- capilla: An interesting word, and I don’t know how to interpret it in this case (see photo). One meaning is a chapel. However, my dictionary says that another is a “death house”—I’m not sure what that actually means, but I think it has something to do with people who have been condemned to death. There are additional, quite different meanings, and each of these has related words and expressions:
- hood, cape: a related word is capillo, meaning a baby cap, a baptismal cap, a hood, a cocoon, or a cigarette filter. Note that this is an example of two words that differ only in gender and have different meanings.
- death house: an expression related to this meaning is estar en capilla, which can mean “to be in the death house,” but also “to be on pins and needles.”
- chapel: a related word is el capiller, a churchwarden or sexton.
- proof sheet: not sure where this one comes from, and I don’t know of any related words.
- almacén: I knew this word in its sense of “warehouse,” but it turns out that it can also mean store or department store, which was probably the intended sense here (see photo).
- ladrillo: a brick or tile. Why Guatemala is funny if you’re Bulgarian: Guatemala is a mountainous country with lots of curvy roads. Curvy roads are marked with the word curvas (curves). It will immediately be obvious to you why this is funny if you’re Bulgarian, or, indeed, from any Eastern European country that I’m aware of, Slavic-speaking or not. If you’re not Bulgarian: it’s not blog-appropriate, so write to me if you want the joke explained.
I served in the US military from 1979-1988. I spent a little bit of that time working in the engine room of a guided missile cruiser, and a lot of that time delivering medical care, mostly to people with heart and lung disease.
I was, and am, proud of my service in the American military. The reason that I was (and am) proud had nothing to do with my individual actions—the world was relatively quiet during that period, and the closest I came to combat was the Gulf of Sidra incident—and everything to do with the fact that the American military is one of the most moral armed forces in the world, and perhaps in the history of the world. We do not commit rape in the territories that we take. We do not kill unnecessarily. We treat prisoners humanely. We do not torture.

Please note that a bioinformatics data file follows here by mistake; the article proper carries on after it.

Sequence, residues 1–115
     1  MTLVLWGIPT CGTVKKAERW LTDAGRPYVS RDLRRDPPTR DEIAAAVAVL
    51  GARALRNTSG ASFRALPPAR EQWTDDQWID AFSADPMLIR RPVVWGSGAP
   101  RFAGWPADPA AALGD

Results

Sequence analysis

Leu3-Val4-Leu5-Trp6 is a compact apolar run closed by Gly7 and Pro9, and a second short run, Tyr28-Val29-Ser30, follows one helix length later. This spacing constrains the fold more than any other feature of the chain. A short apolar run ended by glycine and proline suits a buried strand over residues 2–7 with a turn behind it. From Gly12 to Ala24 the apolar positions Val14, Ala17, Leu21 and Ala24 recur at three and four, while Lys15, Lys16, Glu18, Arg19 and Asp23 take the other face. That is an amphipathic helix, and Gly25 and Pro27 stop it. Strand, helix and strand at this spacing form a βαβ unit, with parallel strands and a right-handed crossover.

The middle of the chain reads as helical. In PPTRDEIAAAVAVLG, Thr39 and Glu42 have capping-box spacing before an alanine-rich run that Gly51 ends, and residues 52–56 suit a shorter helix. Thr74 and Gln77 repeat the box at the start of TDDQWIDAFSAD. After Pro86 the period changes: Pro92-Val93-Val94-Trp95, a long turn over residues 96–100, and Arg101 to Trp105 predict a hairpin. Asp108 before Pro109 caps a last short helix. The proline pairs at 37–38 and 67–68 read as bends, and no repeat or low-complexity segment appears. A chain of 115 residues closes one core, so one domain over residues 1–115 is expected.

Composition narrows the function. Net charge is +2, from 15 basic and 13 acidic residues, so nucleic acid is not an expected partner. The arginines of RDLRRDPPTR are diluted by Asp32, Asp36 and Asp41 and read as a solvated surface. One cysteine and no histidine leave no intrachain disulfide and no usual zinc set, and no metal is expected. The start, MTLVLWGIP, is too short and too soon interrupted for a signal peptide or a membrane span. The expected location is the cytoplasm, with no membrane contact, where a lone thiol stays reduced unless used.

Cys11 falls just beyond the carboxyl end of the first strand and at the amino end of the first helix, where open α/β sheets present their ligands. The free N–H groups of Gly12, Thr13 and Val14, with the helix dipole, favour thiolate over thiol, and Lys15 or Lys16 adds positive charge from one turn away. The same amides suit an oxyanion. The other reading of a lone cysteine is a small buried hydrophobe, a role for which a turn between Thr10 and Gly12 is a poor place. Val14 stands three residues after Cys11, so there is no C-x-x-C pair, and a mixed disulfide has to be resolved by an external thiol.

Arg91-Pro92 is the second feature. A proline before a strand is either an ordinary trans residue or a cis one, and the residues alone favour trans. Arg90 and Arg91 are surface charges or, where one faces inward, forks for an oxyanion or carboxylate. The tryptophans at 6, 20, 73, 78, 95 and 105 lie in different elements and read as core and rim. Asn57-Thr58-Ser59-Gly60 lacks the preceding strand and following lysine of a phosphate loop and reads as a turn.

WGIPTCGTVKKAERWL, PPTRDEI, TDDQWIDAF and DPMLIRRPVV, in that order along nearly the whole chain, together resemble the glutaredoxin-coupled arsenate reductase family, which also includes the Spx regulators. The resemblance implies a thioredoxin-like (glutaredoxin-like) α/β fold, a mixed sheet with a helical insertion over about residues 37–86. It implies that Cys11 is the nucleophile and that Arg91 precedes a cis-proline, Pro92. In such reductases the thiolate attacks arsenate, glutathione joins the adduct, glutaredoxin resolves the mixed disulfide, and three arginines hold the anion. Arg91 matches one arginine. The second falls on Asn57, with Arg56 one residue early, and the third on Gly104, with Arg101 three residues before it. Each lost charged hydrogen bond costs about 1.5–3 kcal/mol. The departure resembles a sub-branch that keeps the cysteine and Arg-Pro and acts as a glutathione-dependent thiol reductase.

I was horrified to learn of the CIA’s torture of prisoners after 9/11, and even more horrified when the news came out that they had spied on a Senate subcommittee that was investigating their activities. The CIA has a long history of valuable service to the United States, and I have no question that many CIA agents, analysts, and others have served honorably. However: this is terrible. Completely un-American.
The harshest critics of torture that I’m aware of are US servicemen: specifically, pilots. They are perhaps the most at risk of being captured, and they know that hostility against them is likely to be the strongest of all hostilities towards enemy combatants: bombs kill indiscriminately, and sometimes pilots are responsible for bombs.
Senator John McCain, the Republican candidate for president in 2008 and a military veteran who was captured and tortured by the North Vietnamese, said this about CIA torture: “It is a stain on America’s honor.” I couldn’t have said it better.
Part of academic life in every country that I’ve visited in an official capacity is going to people’s talks. I found this to be a great way to practice my French listening skills, and I always learned new technical vocabulary. I didn’t usually have to struggle through the talk announcement emails, but the consequences of Zipf’s Law are never far away, and this morning I ran into three words that I didn’t know just in the first sentence of an email announcing an upcoming series of talks by the LIMSI interns:
Les prochaines séances de séminaire du groupe ILES seront consacrées à des exposés des stagiaires, qui présenteront leur travail au sein groupe.
These are especially fun words, since all three of them have English cognates with totally different meanings:
- la séance: session; in the context of the theater or movies: showing, performance. I’m pretty sure I saw a wider range of uses in France, but don’t remember any off the top of my head.
- consacré: dedicated to, devoted to, dealing with.
- un exposé: report, account; in the context of a conference: talk, lecture; in the context of a class: presentation.